Accordingly, a scheme in this format will simply involve new members being attracted, new money being introduced and ‘investors’ moving upwards towards the top of a ladder until such time as the scheme runs out of new ‘investors’ entering on the bottom rung to keep everyone on that ladder moving up towards the top.

    At the outset it all seems too easy to an unsuspecting individual who is being urged by friends and relatives to participate. It is.

    A case involving Pyramid Fraud conducted by Kangs Solicitors

    In a pyramid scheme conducted in Bristol, the offer was that for an initial payment of £3,000 a participant would receive £24,000 in very short order.

    It all seemed so simple for those engaging in the scheme at a very early stage and the lure of quick money drew in hordes of ‘investors’.

    Some unlucky individuals borrowed substantial funds from banks and raided their credit cards to the limit in order to join the frenzy and not miss the opportunity of quick money for nothing.

    When a scheme is new to a particular geographical location and in the initial stages of growth there is a very reasonable chance of securing a quick ‘payout’ to those very early participants, as it is the sort of scheme that excites people and attracts a lot of attention.

    However, every Pyramid scheme is doomed to failure.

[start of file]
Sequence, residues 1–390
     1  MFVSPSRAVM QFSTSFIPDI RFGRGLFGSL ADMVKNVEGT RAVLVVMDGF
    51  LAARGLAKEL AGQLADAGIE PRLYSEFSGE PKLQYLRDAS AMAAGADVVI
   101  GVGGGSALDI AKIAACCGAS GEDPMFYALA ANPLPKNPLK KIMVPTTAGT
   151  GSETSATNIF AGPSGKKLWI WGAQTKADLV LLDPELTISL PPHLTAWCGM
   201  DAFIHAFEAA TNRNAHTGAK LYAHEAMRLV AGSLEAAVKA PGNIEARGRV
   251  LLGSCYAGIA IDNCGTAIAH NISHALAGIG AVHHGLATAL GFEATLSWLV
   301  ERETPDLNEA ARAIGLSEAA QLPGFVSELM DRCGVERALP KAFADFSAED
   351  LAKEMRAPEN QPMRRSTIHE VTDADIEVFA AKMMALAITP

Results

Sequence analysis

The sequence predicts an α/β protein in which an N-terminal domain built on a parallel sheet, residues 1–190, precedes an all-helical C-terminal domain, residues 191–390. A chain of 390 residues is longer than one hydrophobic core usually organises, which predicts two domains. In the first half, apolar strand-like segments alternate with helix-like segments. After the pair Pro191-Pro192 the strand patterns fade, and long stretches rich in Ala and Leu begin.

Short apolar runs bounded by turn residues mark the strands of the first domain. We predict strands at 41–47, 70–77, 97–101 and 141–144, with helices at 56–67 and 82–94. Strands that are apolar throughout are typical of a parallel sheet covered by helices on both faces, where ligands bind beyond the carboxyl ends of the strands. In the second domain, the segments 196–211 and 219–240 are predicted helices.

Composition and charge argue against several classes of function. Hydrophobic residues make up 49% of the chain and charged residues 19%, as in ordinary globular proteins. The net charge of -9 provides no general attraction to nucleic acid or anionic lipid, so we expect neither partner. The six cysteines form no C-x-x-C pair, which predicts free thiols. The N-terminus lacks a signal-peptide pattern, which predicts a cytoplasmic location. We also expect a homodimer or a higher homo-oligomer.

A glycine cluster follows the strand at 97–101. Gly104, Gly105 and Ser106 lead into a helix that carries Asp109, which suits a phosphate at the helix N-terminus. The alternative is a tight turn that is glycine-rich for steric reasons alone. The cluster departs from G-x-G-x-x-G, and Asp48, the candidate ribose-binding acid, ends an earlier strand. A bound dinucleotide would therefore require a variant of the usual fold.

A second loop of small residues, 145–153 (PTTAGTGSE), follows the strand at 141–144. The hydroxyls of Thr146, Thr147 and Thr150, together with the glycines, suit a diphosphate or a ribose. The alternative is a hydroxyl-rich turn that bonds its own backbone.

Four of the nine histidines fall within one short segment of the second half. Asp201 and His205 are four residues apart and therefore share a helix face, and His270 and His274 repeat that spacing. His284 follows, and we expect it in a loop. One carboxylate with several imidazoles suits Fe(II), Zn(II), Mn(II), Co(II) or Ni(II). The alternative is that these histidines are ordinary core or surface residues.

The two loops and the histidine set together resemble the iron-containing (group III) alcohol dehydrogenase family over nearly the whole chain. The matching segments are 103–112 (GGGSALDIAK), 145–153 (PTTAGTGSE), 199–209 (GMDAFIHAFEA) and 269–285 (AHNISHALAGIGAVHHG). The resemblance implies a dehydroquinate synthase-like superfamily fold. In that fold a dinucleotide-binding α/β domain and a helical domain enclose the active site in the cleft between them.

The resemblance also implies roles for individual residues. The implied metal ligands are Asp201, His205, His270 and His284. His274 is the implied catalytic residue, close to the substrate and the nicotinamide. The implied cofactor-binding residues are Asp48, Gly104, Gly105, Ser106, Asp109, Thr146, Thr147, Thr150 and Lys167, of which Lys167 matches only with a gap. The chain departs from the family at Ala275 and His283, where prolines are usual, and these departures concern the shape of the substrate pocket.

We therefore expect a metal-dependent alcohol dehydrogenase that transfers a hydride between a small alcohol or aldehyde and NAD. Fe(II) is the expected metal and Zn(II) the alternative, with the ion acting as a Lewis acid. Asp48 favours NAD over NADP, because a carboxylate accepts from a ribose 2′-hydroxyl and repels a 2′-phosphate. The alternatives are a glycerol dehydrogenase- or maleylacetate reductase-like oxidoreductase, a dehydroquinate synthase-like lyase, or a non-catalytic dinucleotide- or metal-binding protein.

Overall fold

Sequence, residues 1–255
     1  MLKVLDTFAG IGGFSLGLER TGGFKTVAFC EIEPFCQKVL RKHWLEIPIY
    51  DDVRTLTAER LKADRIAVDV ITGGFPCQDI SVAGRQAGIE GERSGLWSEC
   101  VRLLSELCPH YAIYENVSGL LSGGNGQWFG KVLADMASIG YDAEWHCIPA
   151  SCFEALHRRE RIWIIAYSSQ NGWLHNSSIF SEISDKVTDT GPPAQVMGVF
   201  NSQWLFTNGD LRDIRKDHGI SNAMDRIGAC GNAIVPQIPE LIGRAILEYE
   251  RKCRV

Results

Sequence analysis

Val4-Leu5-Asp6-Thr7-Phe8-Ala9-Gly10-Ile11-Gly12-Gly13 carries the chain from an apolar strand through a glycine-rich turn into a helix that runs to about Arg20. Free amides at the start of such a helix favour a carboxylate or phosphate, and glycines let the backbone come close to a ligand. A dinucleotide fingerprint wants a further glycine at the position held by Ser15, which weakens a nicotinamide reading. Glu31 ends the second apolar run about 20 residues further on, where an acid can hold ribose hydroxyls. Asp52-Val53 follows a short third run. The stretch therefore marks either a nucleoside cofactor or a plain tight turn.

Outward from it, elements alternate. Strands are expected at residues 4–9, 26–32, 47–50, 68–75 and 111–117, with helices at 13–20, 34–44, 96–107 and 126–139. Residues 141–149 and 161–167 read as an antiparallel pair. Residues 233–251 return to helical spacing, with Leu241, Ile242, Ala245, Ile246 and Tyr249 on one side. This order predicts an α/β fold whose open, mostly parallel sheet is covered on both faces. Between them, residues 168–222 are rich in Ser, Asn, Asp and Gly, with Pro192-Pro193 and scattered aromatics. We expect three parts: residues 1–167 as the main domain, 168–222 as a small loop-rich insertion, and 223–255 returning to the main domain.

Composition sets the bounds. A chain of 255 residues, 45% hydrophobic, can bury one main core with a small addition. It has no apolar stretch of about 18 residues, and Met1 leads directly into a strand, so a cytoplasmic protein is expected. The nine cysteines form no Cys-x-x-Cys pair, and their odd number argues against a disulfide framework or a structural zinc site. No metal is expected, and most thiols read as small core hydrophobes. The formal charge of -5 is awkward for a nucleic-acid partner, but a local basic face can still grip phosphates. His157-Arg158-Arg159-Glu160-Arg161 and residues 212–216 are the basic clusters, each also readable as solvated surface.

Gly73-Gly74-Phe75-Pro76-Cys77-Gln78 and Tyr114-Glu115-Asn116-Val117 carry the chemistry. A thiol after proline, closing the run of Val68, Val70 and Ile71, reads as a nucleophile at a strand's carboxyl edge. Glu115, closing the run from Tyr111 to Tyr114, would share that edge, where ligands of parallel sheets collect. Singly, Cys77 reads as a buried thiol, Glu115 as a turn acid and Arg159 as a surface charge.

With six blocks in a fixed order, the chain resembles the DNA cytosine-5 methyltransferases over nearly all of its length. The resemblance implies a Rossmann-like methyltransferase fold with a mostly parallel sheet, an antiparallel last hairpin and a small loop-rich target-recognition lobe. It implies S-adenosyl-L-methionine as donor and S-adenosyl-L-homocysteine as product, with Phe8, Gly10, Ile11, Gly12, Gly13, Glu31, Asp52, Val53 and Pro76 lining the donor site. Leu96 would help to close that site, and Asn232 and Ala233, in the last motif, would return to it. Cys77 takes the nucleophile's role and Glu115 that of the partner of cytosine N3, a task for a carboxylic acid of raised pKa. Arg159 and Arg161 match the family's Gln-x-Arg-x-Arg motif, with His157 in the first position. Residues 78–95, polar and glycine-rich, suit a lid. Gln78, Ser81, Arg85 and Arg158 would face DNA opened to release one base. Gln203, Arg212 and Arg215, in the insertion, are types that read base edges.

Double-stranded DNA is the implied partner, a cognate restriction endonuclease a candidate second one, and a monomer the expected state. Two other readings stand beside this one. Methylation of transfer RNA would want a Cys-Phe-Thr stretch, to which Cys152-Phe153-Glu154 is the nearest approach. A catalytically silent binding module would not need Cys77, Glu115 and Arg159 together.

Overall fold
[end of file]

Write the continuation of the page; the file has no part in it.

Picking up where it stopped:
The reason for the inevitable failure of every such scheme is extremely simple. Logistically, it is impossible for there ever to be enough available ‘investors’ to enable the scam to keep growing and it has been calculated that 90.4% of all participants lose their money in pyramid schemes of this nature.

    The Bristol scheme expanded at an alarming rate and there were scores of ladders operating at any one time with the result that there were in the region of 10,000 participants with at least £20 million exchanging hands.

    Needless to say the pyramid scheme failed when insufficient new members could be found.

    Whilst schemes are frequently started by individuals who know exactly what they are doing and, generally, are able to substantially profit in the short term, innocent people can become drawn into the administration and promotion of such schemes on the back of the excitement of ‘earning a quick buck’.

    Without realising it, innocent people who think they are simply participating in an exciting money making ‘game’ are drawn into activity which is potentially illegal and presents the prospect of prosecution and prison when the scheme inevitably comes to the attention of the authorities.

    Naïve ‘investors’ see many other ‘innocent and respectable’ people participating and simply give no thought to the possibility that serious illegal conduct may be taking place.

    The Bristol pyramid scheme mentioned above resulted in two separate trials each running for twenty weeks before Bristol Crown Court.

    Of the eleven defendants, only our client was acquitted by the juries at those trials.

    Contact Us | Pyramid Fraud Scheme Solicitors

    At Kangs Solicitors we are in the unique position of providing assistance to anyone caught up in such a pyramid scheme.

    Should you become involved in or be accused of any pyramid fraud activity and require any guidance and advice then please do not hesitate to contact Hamraj Kang or Colin Parker who will be pleased to meet you for an initial free consultation.